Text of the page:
Our policyholders and shareholders both benefit from our long-term view and success. You can see that long-term conservative view in our 2008 loss [pick] of 86.4%, and the current accident loss year ratio of 94% in the fourth quarter. The increase in the loss ratio to 94% in the fourth quarter is primarily the result of $10 million of additional expected loss costs.

Five-point-eight million dollars is attributable to an increase in the reserve for the death, disability and retirement benefits under our claims and [aid] coverage based on a periodic re-evaluation of the expected cost of those benefits. Four-point-two million dollars is attributable to an increase in the reserve for internal claims handling expenses. Or ULAE as it's known which is also re-evaluated on a periodic basis.

Neither of these items is attributable to a change in the current claims environment. Let me say that again for clarity, neither of these items is attributable to a change in the current claims environment. Without these two adjustments the loss ratio for the quarter would have been 84.9% quite comparable to the 83.9% both for the third quarter of the year and the 84% loss [picked] for the first three quarters of 2008.

Although it's been nine years we still remember the painful lessons that 1999 and 2000 taught our industry and its investors. Rate levels have come down primarily in response to reduced claim frequency. However, we're determined not to repeat those hard lessons based on our belief that today's lower loss environment will ultimately revert to historic levels so we are being as conservative today as we were in the years past.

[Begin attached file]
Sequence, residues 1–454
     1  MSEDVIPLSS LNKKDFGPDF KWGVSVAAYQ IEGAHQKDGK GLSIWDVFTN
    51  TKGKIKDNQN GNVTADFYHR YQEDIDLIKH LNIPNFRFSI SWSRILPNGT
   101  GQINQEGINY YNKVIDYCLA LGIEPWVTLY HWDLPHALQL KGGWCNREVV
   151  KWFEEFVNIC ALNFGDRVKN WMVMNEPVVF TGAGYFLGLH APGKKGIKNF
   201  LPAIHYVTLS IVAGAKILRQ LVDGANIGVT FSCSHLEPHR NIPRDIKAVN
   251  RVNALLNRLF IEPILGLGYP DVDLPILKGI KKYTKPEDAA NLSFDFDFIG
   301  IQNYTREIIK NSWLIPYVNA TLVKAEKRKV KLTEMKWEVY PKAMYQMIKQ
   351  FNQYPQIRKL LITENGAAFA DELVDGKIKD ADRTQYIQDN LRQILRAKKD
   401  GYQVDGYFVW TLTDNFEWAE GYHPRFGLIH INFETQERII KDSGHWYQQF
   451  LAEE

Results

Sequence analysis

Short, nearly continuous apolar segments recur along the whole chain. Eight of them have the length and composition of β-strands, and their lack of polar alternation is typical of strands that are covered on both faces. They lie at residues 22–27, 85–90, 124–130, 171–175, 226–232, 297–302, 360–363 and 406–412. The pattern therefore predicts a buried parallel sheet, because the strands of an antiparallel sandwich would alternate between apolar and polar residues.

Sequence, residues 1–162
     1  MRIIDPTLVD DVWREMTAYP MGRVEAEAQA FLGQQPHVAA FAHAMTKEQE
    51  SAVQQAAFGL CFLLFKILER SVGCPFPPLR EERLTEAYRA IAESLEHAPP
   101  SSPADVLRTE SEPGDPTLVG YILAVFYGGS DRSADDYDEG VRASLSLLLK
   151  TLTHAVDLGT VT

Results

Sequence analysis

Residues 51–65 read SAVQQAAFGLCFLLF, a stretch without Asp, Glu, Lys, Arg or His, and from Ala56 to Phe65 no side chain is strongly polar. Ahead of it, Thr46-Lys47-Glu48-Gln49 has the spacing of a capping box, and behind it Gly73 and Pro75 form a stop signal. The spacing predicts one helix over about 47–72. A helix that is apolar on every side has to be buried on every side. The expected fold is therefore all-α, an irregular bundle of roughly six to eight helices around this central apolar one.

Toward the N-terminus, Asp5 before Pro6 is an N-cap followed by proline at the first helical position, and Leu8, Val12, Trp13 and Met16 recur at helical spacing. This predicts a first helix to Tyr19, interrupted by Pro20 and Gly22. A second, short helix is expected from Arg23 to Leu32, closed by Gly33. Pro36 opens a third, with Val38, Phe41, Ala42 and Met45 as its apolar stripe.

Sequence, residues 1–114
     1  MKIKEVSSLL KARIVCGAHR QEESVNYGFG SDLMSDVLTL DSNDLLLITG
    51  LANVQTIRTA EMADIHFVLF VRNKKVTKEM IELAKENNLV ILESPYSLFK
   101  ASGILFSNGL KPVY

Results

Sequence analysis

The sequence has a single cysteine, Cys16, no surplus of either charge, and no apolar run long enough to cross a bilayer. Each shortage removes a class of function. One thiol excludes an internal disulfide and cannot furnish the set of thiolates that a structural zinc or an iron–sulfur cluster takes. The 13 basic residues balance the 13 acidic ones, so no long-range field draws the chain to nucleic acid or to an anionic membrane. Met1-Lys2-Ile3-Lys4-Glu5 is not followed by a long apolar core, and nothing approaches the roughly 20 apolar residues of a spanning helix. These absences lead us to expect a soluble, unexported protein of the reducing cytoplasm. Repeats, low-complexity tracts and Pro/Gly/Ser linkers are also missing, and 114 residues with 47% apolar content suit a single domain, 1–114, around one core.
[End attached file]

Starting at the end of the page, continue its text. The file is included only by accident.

Now turning to the state of the insurance market, we're encouraged by our ability to retain 88% of our business in 2008. Our overall premium level on renewing policies was down just 6%. That decline is based on our actuarially-driven pricing models which ensure that we charge an adequate rate for each risk that we write. That helps us maintain the margins needed to help us emerge from the soft market in a strong financial position.

Along those lines I can report that claim frequency per unit of exposure was essentially flat for the year. The quarters bounced around a bit, up one, down the next, but overall it looks like frequency is no longer dropping. Severity continues to move upward as well but in a manageable and expected rate and is lower than the historical levels upon which we based our projections when initially setting reserves.

As for the marketplace overall it's still very competitive but we're holding our own and we have been seeing more opportunities to write new business at rates we believe will meet our profitability objectives.